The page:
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  • 1.
    Belyaev, Denis
    et al.
    Murmansk Institute of Economics, Russia; Murmansk State University for Humanities, Russia.
    Golubev, Alexey
    Petrozavodsk State University, Russia; University of British Columbia, Canada.
    Rönnqvist, Carina
    Umeå University, Umeå School of Education (USE).
    Salo, Matti
    University of Oulu, Finland.
    Tjelmerland, Hallvard
    The Arctic University of Norway, Norway.
    Strengthening the Northern dimension 1955-19702015In: The Barents region: a transnational history of subarctic Northern Europe / [ed] Lars Elenius; Hallvard Tjelmeland; Maria Lähteenmäki; Alexey Golubev, Oslo: Pax Forlag, 2015, p. 335-365Chapter in book (Refereed)
    Abstract [en]

    The Barents region comprises the northernmost parts of Norway, Sweden, Finland and Russia. It was established in 1993 as a result of  the disintegration of the Soviet Union, and it  is also the first macroregion to move beyond the Cold War’s Iron Curtain. This book provides a research-based history of the Barents Region from 800–2010 written by 27history researcher within the thirteenth sub-regions of the Barents Region. It is suitable as a course book in history for students at university level, but also for social sciences and for others interested in the comparative transnational history of northern Russia and northern Scandinavia.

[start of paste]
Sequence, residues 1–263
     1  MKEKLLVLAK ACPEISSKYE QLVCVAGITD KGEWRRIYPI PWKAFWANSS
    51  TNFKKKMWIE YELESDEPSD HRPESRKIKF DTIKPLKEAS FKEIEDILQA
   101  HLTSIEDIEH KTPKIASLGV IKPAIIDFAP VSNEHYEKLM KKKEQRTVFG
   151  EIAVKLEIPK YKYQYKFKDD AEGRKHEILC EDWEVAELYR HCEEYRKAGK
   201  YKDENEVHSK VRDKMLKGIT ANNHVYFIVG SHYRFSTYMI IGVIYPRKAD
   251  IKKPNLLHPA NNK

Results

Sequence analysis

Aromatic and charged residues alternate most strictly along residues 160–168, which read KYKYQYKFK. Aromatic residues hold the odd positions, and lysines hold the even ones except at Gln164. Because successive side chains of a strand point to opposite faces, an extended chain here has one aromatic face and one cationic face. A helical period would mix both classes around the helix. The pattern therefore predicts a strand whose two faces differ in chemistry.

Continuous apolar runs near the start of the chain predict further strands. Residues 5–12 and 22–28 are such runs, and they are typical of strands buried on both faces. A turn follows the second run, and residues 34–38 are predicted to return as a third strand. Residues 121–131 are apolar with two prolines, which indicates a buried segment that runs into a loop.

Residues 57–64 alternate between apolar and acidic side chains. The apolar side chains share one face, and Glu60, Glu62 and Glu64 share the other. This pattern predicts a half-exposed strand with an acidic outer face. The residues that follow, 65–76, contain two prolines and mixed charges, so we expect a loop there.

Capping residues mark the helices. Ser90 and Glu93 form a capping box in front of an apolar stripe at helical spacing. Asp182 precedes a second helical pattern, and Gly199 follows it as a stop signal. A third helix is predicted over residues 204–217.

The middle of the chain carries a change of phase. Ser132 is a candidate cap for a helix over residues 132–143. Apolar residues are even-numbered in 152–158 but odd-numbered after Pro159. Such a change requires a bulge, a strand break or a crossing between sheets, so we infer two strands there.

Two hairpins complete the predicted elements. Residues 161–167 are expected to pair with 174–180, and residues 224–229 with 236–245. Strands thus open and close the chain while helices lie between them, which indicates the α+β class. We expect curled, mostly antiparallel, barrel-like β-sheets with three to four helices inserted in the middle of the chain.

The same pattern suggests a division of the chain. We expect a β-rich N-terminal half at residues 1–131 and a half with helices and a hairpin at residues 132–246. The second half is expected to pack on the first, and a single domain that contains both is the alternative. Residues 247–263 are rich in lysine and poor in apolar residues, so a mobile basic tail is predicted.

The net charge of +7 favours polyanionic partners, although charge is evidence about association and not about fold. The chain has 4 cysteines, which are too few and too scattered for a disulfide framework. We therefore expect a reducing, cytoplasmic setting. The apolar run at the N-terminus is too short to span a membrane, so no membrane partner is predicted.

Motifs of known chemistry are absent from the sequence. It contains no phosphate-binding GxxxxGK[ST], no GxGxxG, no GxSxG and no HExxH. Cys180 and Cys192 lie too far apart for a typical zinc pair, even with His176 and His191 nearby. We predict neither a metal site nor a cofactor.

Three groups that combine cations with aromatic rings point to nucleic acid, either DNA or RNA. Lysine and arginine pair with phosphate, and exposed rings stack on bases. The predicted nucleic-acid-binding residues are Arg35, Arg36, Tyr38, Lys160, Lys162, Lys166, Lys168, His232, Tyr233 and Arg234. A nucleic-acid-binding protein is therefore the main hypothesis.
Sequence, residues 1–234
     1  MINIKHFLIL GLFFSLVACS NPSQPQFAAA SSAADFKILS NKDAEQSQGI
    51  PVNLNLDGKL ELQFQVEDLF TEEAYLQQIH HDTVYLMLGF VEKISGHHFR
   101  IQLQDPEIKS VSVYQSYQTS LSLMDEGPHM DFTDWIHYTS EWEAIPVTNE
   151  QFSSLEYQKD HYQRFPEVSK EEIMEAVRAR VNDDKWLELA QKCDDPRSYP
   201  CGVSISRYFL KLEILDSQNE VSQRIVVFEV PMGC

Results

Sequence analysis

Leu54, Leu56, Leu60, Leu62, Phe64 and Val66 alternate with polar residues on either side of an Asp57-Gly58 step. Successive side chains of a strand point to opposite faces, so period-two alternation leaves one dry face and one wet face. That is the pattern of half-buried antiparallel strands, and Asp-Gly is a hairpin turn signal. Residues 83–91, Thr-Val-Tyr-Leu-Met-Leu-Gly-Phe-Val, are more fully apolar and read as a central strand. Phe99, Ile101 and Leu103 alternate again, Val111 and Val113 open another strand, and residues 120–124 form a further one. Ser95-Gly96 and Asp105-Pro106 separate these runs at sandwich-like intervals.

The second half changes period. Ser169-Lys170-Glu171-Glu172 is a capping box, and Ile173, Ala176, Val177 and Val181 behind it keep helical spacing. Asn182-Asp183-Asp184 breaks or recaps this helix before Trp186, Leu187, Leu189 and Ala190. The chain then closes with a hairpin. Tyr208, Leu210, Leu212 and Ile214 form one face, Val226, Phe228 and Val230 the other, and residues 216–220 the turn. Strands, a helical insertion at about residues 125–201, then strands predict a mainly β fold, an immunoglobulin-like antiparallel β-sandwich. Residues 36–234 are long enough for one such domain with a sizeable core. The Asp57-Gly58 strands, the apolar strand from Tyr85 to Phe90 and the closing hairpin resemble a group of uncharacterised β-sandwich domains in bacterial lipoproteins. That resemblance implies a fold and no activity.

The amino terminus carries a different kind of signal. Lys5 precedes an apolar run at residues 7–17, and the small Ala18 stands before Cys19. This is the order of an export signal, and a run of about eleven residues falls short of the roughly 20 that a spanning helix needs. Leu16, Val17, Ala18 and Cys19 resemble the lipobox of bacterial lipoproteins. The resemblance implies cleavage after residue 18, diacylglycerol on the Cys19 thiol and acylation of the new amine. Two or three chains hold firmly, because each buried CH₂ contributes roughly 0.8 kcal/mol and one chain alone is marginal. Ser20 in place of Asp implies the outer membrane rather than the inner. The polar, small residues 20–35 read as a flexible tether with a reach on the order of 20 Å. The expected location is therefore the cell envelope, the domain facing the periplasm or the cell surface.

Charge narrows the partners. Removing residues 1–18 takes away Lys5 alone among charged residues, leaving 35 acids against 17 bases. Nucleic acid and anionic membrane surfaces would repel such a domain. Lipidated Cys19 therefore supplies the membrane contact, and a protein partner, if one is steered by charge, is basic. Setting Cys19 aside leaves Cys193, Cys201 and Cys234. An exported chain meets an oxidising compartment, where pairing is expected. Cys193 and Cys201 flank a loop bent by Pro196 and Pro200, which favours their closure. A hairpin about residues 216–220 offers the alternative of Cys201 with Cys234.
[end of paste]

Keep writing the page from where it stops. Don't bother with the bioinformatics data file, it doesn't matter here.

Six million people live in the Barents Region. The authors tell the history of the regional development in four nation states, bridging the gap between Russia and the Nordic countries in terms of ethnicity, religion, cultural content, political systems, economies and different stages of modernisation. The account starts with the history of independent ethnic groups in a common area. From the ninth century we can see tendencies towards an integration of the northernmost areas of Europe into larger political structures, culminating in early state formations such as the merchant republic of Novgorod and the kingdoms of Norway and Sweden. The focus is on comparative transnational aspects of history through stages of rivalry and co-operation. It is also the history of the many minorities and nationalities moving cross borders of different kinds.

    As is the case with nations, there are different understandings of  what constitutes a region. Are regions deeply grounded in history and  culture or are they created by actors for instrumental reasons? The Barents Region is the prototype of a region made by concrete actors for political purposes, but the historical account shows that there were transnational contacts even before this novel political construction came into being. In the concluding chapter the reader will find reflections on what kind of region the Barents Region invented in 1993 really is.

  • 2.
    Elenius, Lars
    Umeå University, Faculty of Arts, Department of historical, philosophical and religious studies. Luleå University of Technology, Sweden.
    Conclusions2015In: The Barents region: a transnational history of subarctic Northern Europe / [ed] Lars Elenius; Hallvard Tjelmeland; Maria Lähteenmäki; Alexey Golubev, Oslo: Pax Forlag, 2015, p. 448-471Chapter in book (Refereed)
  • 3.
    Elenius, Lars
    Umeå University, Faculty of Arts, Department of historical, philosophical and religious studies. Luleå University of Technology, Sweden.